The women’s characteristics are described in Table 1. The main reasons for preterm birth were preterm labor, PPROM, prepartum hemorrhage and preeclampsia (Table 1). There were 5 (5/81; 6%) women with severe preeclampsia who received magnesium sulfate for cerebral palsy and seizure prophylaxis.
The reasons that indicated treatment did not occur were omission by medical team (19/38, 50%), “urgent delivery” (18/38, 47.4%) and contraindication to treatment (1/38, 2.6%). “Urgent delivery” included: category III19 fetal heart rate tracings (15/38, 39.5%), severe antepartum hemorrhage due to placenta previa (2/38, 5.3%) and abruptio placenta (1/38, 2.6%) (Table 1).
If we excluded the women with relative contraindications (“urgent delivery” (n = 18) and maternal arrhythmia (n = 1)), 81% (81/100) of the women included received magnesium sulfate.
Adverse effects were recorded for 20 (24.7%) of the 81 women treated. They were mainly hypotension (45%, 9/20), flushing or sweating (20%, 4/20), nausea or vomiting (10%, 2/20), headache (5%, 1/20), palpitation (5%, 1/20) and hyporeflexia (5%, 1/20) (Table 1). Magnesium sulfate administration was stopped in 3 women (3.7%): 1 with hyporeflexia, 1 with respiratory depression and 1 with hypotension. Among women who did not receive magnesium sulfate, only three (7.9%) had symptoms: nausea (n = 1), flushing (n = 1) and hypotension (n = 1) (Table 1).
Rates of emergency delivery, abnormal fetal heart rate, general anesthesia, neonatal cord pH < 7.10 at birth, Apgar score at 5 minutes <7, neonatal external cardiac massage and use of epinephrine were significantly higher in the group of women who did not receive magnesium sulfate before birth and the rate of antenatal corticoid administration was significantly lower in this group (Tables 1 and 2).
The rates of neonatal mortality before hospital discharge tended to be lower in infants whose mothers received magnesium sulfate, but the difference was not significant (Table 2). No neonatal adverse effects were recorded.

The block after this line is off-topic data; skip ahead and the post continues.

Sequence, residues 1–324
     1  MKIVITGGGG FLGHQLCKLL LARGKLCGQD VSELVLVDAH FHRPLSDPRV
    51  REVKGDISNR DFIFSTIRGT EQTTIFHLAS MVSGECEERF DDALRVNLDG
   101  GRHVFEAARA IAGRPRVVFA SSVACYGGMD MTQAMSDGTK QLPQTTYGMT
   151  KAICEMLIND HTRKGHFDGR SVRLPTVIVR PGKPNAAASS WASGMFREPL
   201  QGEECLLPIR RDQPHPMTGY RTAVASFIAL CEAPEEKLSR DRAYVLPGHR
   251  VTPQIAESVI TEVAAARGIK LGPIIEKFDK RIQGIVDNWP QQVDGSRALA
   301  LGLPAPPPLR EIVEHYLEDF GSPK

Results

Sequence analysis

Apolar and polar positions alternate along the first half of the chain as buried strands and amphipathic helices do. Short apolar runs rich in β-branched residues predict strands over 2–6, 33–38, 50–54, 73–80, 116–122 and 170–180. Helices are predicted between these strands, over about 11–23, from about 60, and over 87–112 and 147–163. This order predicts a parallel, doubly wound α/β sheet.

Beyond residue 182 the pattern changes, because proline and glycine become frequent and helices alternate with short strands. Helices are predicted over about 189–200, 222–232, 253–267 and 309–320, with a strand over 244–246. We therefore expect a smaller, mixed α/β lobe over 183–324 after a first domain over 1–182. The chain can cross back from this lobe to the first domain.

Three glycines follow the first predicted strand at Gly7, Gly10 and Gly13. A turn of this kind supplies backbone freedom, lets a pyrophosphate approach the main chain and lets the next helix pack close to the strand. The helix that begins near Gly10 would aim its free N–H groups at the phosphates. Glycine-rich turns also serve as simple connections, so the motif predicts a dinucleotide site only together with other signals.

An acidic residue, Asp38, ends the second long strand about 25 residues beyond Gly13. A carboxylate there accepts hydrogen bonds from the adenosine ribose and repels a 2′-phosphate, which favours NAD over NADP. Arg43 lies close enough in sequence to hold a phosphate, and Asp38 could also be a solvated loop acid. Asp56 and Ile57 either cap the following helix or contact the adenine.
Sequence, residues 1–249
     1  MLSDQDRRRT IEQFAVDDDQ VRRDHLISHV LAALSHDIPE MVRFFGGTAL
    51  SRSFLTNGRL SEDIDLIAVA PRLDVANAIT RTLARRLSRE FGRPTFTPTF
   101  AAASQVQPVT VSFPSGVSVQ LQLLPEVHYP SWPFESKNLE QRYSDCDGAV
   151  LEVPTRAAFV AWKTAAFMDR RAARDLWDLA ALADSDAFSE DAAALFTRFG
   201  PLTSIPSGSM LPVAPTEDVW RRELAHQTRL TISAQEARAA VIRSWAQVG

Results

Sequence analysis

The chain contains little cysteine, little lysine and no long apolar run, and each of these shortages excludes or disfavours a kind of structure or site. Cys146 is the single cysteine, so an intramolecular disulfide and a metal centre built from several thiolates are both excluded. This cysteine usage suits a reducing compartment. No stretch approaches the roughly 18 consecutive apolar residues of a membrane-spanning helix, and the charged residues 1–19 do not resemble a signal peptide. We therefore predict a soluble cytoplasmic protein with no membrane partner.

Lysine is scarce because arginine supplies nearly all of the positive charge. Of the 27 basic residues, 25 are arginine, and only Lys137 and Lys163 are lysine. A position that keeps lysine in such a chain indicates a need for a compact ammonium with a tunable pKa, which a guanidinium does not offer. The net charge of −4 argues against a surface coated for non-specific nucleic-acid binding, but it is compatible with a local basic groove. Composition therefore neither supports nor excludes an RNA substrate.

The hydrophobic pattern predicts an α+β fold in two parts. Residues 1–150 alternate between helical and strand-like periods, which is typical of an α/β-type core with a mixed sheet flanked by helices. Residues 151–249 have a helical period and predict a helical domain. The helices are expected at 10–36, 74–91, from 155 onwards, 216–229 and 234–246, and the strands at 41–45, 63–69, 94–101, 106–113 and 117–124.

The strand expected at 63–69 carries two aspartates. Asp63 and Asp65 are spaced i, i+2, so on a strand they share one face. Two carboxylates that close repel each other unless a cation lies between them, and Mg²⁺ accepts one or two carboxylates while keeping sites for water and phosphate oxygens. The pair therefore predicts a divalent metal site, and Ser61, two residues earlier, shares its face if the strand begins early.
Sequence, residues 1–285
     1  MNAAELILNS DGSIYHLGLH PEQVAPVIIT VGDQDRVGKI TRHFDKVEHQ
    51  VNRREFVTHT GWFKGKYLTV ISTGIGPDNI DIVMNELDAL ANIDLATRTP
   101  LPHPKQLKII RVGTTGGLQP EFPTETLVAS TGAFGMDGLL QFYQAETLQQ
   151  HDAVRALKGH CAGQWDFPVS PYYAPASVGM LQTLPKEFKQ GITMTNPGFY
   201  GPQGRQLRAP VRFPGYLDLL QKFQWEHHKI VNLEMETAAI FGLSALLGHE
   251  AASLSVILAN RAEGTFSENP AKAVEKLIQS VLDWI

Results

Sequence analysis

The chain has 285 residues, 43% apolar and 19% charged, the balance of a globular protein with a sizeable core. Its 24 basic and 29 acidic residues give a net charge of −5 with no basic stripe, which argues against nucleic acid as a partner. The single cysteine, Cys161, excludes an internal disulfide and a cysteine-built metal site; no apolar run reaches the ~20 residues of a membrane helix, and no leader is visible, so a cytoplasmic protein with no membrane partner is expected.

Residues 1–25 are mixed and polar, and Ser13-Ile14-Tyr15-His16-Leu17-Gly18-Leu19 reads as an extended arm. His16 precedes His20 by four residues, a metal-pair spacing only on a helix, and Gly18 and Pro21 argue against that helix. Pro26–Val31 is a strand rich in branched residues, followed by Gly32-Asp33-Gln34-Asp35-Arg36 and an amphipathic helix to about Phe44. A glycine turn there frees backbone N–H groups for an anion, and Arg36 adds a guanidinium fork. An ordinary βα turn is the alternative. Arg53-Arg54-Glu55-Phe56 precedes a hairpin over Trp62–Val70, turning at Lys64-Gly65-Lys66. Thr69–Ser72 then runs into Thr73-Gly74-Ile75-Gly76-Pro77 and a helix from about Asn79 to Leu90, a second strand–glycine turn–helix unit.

When bolus administration began, blood pressure was monitored in 63% (51/81) of the women, heart rate in 72.8% (59/81), respiratory rate in 25.9% (21/81), oxygen saturation in 8.6% (7/81) and patellar reflexes in 23.5% (19/81) (Table 3). Four hours after administration began, among the women who had not delivered and were still receiving the infusion (n = 26), blood pressure was being monitored in 73% (19/26), heart rate in 65.4% (17/26), respiratory rate in 42.4% (11/26), oxygen saturation in 26.9% (7/26) and patellar reflexes in 57.7% (15/26) (Table 3). The rate of monitoring related to the measurement of respiratory rate, oxygen saturation and patellar reflexes thus increased significantly during the course of the infusion (Table 3).
When magnesium sulfate administration began, all characteristics to be monitored were actually mentioned as checked in the records of only 3.7% of women (3/81) compared with 19.2% (5/26, including the initial 3) four hours later (p < 0.05). Fifty-five women gave birth within 4 hours.
This study demonstrates the feasibility of implementing a protocol to use magnesium sulfate among gravidas at imminent risk of delivery before 33 weeks of gestation to prevent cerebral palsy. Appropriate selection of women at high risk of imminent preterm birth is feasible. Overall, 68.1% of the eligible women and 81% of those without any contraindications received magnesium sulfate before preterm delivery, with a high rate from the outset of the protocol’s implementation (76% during the first three months).
In the months leading up to the implementation of our new protocol, we first organized a multidisciplinary meeting (midwives, obstetricians, anesthesiologists and pediatricians) to discuss the recently issued guidelines13,14 and the level of evidence for the use of magnesium sulfate for neuroprotection in preterm infants and its possible side effects.
The maternal-fetal medicine department and the labor room quickly adopted the use of magnesium sulfate to prevent cerebral palsy.
The significant differences between the groups with and without magnesium sulfate treatment for maternal and neonatal characteristics (i.e., abnormal fetal heart rate, general anesthesia, neonatal cord pH < 7.10 at birth, Apgar score at 5 minutes < 7, neonatal external cardiac massage, use of epinephrine and antenatal corticoid administration) strongly suggest that “urgent delivery” for fetal indication was much more frequent in the untreated group.
Overall, 15 women did not receive magnesium sulfate because fetal distress required immediate emergency delivery. However, only 8 of the 15 were admitted for preterm labor with a category III fetal heart tracing noted upon emergency admission and did not receive antenatal corticosteroids. The remaining seven had been hospitalized for preterm labor for several days and could have received antenatal corticosteroids before the emergency cesarean delivery for fetal distress.